Filtering systems may employ several different techniques or simply the succession of similar but progressively restrictive apparatus. Often incorporated at the point of intake and exhaust as well as inline configurations, these systems promote safety all throughout the manufacturing process. To accommodate complete air or fluid systems, filter media include such varied products as strainers, cartridges, membranes and housings, each of which may be designed to remove large particles from industrial process streams or with the precision to purify water for drinking by removing even microscopic contaminants.
Used to clarify coolants, corrosive chemicals, gasoline, oil, hydraulic fluid, lubricants, water, air intake and exhaust air, filtering systems are easily divided into two major categories: air filters and liquid filters. Despite this division, many of the same techniques are used for each, but with minor adjustments.
Membrane, pressure and vacuum as well as electrically charged filters are among the most commonly used to remove impurities in flow lines for many industries, including food and beverage processing, chemical, pharmaceutical, mining, pulp and paper, automotive and agriculture. Commercial and contexts likewise utilize filtering systems with great frequency in order to promote health and safety for homes, offices and for the environment.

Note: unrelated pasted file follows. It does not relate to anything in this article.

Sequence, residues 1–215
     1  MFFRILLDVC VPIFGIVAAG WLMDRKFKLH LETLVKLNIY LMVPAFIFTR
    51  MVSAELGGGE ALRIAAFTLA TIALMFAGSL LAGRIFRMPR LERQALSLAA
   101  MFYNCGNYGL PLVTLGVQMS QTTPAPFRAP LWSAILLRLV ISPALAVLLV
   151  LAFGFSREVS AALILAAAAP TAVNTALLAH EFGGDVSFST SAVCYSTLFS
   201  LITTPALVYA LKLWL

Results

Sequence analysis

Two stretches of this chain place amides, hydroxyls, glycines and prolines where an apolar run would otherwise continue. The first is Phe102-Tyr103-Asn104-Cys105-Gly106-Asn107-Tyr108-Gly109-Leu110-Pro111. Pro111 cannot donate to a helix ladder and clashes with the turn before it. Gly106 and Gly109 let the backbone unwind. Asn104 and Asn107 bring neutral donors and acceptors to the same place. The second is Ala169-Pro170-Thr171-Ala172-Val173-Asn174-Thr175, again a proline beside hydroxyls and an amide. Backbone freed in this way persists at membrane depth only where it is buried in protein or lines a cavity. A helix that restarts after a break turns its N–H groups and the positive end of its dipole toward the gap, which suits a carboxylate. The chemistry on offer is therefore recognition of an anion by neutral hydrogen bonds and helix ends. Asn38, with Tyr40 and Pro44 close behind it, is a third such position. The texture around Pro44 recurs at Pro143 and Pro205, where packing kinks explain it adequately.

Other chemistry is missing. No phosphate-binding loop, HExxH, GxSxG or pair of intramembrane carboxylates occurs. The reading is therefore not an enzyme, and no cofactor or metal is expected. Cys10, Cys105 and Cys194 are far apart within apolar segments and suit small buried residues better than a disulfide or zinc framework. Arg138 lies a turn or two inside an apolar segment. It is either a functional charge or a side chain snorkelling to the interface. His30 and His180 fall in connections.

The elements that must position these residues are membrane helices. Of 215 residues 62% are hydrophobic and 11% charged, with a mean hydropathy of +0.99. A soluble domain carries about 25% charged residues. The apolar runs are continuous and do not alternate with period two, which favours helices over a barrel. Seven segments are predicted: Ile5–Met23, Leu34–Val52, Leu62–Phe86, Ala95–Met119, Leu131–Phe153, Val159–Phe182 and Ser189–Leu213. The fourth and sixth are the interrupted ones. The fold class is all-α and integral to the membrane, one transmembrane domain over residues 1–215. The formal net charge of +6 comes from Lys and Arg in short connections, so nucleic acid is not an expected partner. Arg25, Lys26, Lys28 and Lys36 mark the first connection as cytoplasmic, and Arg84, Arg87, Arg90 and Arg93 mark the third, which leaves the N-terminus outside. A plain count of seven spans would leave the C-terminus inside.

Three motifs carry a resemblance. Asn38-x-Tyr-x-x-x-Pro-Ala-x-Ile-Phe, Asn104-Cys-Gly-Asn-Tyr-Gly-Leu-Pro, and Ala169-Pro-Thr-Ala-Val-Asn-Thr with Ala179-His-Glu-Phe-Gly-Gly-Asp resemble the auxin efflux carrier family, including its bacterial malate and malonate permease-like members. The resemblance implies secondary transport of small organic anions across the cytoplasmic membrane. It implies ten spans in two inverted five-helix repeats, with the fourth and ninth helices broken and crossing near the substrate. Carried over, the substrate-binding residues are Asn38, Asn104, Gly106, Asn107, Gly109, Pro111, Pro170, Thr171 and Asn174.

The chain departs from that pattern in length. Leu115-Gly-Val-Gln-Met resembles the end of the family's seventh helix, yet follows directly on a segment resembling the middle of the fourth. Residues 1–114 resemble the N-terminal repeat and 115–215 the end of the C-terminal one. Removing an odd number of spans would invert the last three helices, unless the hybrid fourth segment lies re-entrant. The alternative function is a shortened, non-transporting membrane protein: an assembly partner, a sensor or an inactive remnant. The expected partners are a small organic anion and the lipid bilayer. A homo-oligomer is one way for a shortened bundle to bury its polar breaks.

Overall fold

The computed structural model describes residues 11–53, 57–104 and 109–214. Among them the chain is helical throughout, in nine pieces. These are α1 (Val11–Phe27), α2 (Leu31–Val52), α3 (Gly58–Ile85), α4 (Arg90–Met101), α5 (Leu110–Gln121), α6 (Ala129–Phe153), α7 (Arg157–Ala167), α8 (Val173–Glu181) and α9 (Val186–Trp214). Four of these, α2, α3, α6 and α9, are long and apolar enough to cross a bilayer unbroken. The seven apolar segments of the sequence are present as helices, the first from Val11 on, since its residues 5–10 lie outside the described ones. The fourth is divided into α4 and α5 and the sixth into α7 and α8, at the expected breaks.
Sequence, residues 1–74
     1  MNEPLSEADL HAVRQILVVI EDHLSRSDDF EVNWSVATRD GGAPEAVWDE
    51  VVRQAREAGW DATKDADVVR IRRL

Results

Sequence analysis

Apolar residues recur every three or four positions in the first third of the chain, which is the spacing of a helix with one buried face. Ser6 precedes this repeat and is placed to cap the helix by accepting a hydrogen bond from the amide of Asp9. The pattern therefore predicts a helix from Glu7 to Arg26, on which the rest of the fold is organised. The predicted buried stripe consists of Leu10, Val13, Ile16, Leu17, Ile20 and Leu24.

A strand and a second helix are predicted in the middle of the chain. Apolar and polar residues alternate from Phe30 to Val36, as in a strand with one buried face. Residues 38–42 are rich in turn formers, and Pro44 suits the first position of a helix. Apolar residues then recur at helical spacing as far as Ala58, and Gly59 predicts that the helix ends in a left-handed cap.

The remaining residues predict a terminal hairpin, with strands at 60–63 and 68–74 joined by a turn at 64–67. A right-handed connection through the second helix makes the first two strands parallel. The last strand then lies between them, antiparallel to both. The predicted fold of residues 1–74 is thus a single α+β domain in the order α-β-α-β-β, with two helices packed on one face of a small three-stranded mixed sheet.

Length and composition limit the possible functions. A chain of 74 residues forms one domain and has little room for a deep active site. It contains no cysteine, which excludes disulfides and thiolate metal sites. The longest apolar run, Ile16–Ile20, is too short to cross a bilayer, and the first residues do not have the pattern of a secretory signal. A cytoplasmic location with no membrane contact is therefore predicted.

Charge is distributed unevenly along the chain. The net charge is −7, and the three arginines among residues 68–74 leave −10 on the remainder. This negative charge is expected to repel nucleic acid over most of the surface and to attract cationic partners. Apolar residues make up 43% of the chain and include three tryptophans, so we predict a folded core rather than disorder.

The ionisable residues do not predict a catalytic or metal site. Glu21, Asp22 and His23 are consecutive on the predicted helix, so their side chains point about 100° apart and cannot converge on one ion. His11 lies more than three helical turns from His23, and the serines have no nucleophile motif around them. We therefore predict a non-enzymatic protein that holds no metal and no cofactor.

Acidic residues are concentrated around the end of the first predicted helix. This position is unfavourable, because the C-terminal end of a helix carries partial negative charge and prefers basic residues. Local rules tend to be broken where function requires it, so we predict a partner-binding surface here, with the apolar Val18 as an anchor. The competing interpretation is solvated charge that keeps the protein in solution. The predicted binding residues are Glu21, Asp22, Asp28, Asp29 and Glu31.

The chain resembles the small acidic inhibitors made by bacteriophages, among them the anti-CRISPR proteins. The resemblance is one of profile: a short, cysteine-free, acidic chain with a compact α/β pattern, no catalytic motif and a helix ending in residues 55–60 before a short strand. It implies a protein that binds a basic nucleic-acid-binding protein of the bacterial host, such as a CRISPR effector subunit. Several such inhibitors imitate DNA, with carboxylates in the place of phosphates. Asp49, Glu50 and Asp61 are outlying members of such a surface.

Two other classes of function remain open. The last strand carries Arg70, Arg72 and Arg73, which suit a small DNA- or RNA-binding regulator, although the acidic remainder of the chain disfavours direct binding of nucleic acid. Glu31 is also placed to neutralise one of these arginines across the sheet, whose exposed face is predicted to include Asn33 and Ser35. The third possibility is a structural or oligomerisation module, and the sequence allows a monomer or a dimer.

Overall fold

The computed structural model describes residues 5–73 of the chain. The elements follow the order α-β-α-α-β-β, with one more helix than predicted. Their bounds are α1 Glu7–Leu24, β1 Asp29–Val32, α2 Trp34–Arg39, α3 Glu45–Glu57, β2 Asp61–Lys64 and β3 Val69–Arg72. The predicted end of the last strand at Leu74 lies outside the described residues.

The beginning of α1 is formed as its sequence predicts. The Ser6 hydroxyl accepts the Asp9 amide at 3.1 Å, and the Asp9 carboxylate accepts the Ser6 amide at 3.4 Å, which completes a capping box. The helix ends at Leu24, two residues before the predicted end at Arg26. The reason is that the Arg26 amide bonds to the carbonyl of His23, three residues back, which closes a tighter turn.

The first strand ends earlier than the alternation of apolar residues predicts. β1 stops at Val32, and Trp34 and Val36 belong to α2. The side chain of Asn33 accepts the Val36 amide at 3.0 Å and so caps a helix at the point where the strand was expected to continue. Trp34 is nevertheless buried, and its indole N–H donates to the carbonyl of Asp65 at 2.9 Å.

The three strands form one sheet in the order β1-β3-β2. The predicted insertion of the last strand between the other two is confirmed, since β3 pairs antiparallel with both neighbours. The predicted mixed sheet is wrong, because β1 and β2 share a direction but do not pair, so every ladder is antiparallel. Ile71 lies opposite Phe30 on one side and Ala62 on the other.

With such variability, there are several important factors to consider when installing a filtration system. The degree of installation must first be considered. Filtration equipment can be portable, mounted or centralized systems, the latter being the most complex. This decision also has a significant impact on the type of filter and collection as it relates to the ease of cleaning or replacing components. As some filtering systems should run continually, it is important to consider the downtime required for maintenance.
The pressure drop or ability to operate through blockages will also impact the frequency of cleaning and repairs. Additional considerations include filtration rate, filter location, stream viscosity and temperature, filter load capacity, maximum flow and absorption. The particular type of filter will determine many of these variables as will the material used in its construction. Housing and filters may be constructed of aluminum, steel, stainless steel, steel, carbon, sand, durable plastics, Teflon, nylon and other synthetic fibers.
The particulates themselves should correlate to the specific filter. Both the size and chemical composition should be compatible to ensure product longevity and efficiency. Regulatory bodies, such as the International Organization for Standardization (ISO), may require certain filters be used in a given application, though many configurations can result in similar competence.